She added: “Sexual harassment should never be considered normal and it should have no place in our schools and colleges.”
The department for education said that in response to the review, there will be more guidance on sex education and schools will be encouraged to dedicate staff training days to handling sexual abuse and harassment.
Children’s Commissioner Dame Rachel de Souza has been asked to join a government discussion with tech companies, law enforcement, children’s charities and schools, and the NSPCC ‘Abuse in Education’ helpline will also run for a further four months until October, it was announced.
Children told Ofsted inspectors they did not always want to talk to adults about sexual harassment for fear of “reputational damage” or being socially ostracised. They also feared potential police involvement.
Inspectors found that many teachers did not identify sexual harassment and sexualised language as significant problems, didn’t treat them seriously, or were unaware they were happening.
But the report said headteachers “did note that easy access to pornography had set unhealthy expectations of sexual relationships and shaped perceptions of women and girls.”
Most children said they did not get the information they need from sex education classes and many teachers said they lack knowledge about topics such as consent and sharing sexual images.
It warned that schools are being left to navigate “grey areas” – such as what to do when criminal investigations into sexual violence do not lead to a prosecution or conviction – on their own.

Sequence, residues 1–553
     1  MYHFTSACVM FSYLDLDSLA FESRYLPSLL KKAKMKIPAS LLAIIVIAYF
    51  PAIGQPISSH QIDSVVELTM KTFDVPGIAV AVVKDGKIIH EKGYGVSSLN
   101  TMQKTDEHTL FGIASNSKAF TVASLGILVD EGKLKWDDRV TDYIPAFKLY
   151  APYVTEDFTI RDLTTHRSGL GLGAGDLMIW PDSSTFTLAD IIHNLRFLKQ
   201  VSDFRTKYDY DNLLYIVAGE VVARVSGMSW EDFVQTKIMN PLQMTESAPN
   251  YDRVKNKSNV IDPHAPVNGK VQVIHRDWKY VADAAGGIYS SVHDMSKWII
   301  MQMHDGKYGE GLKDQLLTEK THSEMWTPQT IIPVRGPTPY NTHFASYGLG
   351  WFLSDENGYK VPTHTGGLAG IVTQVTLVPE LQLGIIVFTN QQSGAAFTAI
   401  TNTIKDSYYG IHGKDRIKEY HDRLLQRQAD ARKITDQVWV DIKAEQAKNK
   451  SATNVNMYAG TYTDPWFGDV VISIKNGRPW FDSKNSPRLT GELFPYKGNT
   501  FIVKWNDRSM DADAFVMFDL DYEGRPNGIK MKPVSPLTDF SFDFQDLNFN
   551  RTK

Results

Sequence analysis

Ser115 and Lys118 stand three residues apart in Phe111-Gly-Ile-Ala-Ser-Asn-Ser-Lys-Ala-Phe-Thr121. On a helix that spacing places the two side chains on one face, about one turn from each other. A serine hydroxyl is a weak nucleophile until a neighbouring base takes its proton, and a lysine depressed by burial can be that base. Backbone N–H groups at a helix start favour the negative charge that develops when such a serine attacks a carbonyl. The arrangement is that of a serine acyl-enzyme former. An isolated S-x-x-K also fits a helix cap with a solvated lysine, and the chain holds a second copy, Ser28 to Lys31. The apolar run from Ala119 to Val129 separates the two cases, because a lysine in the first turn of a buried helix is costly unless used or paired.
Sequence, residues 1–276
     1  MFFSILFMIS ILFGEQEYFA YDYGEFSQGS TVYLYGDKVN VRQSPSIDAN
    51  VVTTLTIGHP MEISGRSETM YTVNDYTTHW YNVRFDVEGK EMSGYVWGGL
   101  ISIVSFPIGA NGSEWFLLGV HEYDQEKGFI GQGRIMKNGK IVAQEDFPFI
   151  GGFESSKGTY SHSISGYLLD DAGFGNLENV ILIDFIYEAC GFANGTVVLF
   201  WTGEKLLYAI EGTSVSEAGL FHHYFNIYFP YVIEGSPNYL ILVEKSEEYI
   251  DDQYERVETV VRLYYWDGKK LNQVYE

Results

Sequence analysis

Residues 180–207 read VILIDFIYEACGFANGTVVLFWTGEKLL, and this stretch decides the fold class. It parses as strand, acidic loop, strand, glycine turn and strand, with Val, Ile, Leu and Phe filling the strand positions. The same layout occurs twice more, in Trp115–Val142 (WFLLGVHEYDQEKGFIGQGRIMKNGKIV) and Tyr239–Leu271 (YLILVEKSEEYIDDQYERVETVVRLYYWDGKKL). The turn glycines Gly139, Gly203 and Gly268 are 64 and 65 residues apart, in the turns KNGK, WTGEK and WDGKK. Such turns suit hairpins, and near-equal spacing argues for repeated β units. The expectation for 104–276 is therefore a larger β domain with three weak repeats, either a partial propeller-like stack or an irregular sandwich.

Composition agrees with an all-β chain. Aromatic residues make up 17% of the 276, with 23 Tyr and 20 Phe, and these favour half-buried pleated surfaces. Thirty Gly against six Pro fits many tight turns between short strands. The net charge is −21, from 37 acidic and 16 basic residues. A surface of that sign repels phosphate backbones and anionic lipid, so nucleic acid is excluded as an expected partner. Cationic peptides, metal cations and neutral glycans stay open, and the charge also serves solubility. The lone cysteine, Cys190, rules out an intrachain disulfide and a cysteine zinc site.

Some Local Safeguarding Partners (LSPs) told Ofsted that sexual harassment was not a significant problem for schools and colleges in their local area – a position the report said “isn’t plausible.”
Ofsted called for more training for RSHE teachers, and urged the government to strengthen online safeguarding controls for children, and develop an online hub where schools can access the most up-to-date safeguarding guidance in one place.
The government should also launch a communications campaign about sexual harassment and online abuse to help change attitudes, including advice for parents and carers, the report said.
Geoff Barton, General Secretary of the Association of School and College Leaders, said: “Nobody can fail to be shocked by the finding that children and young people don’t see any point in reporting sexual harassment because it is seen as a normal experience.
“Schools and colleges have a crucial role to play in addressing this issue and they are determined to do so.